This article is from the archive of our partner .

Muammar Qaddafi's son and heir apparent, Saif al-Islam el-Qaddafi, is alive and in the custody of a Libyan rebel militia, but while he's physically well, his situation and his future are as uncertain as the status of Libya's own government. Qaddafi, who hasn't been heard from since he was captured Nov. 19, told Human Rights Watch researcher Fred Abrahams that he hadn't been given access to a lawyer nor had he been allowed to see his family as he awaited a trial on crimes against humanity. "No date has been set for his trial, nor is it clear whether he will be tried in Libya, whose justice system is in disarray, or by the International Criminal Court in The Hague," The New York Times reports. The ICC had issued an arrest warrant but Libya's transitional government wants Qaddafi to be tried in Libya. But after the treatment of his father, who was basically executed by the mob that found him, it's pretty unclear whether he'll get a fair shake. Being held without a lawyer enforces that fear. From The Times:

Rumors have circulated about the treatment of Mr. Qaddafi at the hands of the Zintan fighters, who were believed to be resisting efforts by the central government to take over his case. The office of the general prosecutor in Tripoli, Abdelaziz al-Hasadi, has jurisdiction, and gave Human Rights Watch clearance to visit Mr. Qaddafi. Mr. Abrahams was then taken to Zintan, where militia commanders appeared to be cooperating with the central authorities.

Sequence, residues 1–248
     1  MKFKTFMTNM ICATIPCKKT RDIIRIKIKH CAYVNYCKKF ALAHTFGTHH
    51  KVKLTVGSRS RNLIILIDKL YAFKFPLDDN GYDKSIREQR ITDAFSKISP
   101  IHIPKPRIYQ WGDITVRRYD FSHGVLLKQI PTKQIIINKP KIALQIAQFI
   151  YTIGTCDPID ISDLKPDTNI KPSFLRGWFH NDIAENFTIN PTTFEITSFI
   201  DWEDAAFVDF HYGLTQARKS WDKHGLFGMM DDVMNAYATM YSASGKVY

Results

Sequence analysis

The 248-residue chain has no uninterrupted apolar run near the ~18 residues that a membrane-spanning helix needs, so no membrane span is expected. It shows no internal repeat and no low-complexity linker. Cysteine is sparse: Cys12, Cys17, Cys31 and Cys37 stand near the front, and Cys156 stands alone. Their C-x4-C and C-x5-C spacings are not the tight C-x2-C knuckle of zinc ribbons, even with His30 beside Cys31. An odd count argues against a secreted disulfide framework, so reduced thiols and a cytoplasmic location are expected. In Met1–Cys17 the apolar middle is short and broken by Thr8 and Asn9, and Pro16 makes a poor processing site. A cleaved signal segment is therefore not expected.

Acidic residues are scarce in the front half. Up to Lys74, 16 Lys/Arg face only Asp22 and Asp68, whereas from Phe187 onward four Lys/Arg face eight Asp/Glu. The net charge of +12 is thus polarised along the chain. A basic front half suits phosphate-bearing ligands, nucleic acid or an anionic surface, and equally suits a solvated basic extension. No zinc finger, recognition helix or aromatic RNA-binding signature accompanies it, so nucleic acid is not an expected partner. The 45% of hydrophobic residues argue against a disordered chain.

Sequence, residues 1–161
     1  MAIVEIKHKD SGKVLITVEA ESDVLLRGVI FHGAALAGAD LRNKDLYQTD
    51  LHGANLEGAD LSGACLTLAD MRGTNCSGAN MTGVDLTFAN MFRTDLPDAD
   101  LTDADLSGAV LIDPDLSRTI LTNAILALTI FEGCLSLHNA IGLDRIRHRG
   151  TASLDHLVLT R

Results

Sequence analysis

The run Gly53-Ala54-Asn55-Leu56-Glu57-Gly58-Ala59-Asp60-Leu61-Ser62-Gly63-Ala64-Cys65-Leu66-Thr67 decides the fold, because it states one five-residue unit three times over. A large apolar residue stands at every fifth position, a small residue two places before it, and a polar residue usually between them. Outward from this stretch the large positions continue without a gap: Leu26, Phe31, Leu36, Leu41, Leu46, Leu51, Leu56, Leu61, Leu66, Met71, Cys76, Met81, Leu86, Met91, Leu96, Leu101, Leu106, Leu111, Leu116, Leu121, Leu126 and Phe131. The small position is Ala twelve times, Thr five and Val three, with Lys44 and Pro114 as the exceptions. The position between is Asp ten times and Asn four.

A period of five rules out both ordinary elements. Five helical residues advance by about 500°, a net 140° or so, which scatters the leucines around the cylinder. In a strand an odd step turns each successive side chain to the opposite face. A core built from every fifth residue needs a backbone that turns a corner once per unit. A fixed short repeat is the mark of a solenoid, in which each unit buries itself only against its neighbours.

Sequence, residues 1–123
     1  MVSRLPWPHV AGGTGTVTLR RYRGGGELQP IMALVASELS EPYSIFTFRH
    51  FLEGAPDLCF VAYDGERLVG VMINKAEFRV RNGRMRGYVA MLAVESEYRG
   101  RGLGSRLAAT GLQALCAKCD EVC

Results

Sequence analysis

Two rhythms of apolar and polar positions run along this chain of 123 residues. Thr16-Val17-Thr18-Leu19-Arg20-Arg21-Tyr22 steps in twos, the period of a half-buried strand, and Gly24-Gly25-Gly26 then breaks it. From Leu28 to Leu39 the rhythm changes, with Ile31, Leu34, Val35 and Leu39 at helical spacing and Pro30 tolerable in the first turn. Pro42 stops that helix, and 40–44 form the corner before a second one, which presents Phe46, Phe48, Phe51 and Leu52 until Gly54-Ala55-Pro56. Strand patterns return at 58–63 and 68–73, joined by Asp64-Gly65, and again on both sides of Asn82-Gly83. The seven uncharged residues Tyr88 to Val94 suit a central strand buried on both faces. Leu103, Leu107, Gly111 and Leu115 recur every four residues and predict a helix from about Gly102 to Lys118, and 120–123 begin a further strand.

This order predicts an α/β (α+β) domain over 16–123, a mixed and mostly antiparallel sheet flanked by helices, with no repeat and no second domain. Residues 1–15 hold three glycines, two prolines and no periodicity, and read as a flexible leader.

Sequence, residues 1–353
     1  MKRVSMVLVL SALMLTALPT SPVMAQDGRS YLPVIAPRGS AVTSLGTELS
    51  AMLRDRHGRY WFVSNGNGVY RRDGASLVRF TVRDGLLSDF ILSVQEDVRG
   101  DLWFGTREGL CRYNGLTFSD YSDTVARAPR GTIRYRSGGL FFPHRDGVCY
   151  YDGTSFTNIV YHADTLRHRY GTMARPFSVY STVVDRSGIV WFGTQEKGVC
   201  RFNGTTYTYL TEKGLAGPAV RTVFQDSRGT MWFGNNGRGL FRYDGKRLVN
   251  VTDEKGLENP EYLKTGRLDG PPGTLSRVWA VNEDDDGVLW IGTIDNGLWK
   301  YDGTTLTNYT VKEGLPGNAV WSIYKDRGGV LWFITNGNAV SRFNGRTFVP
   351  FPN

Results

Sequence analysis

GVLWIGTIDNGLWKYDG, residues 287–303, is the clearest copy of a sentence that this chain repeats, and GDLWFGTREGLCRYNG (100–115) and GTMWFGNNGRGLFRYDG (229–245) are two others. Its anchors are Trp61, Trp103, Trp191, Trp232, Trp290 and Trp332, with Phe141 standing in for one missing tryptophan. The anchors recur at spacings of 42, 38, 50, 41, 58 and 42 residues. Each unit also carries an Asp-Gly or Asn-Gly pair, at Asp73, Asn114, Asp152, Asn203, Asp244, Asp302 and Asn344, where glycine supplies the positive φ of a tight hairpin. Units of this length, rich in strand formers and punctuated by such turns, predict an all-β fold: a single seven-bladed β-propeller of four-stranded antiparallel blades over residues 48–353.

Mr. Abrahams said the arrangement showed how the situation in Libya was still evolving. “It is not accurate to say he is being held by a militia outside of government control, although it is not true that he is in a prison directly controlled by the government, either,” he said.

Libyan general prosecutor Abdul Majid Saad told The Times Qaddafi could hire a lawyer, but it's going to be hard for him to find someone to represent him in Libya, where his family is pretty much reviled, and with the isolation he's being held in, it doesn't sound like he's getting much of a chance to hire someone internationally.





This article is from the archive of our partner The Wire.

We want to hear what you think about this article. Submit a letter to the editor or write to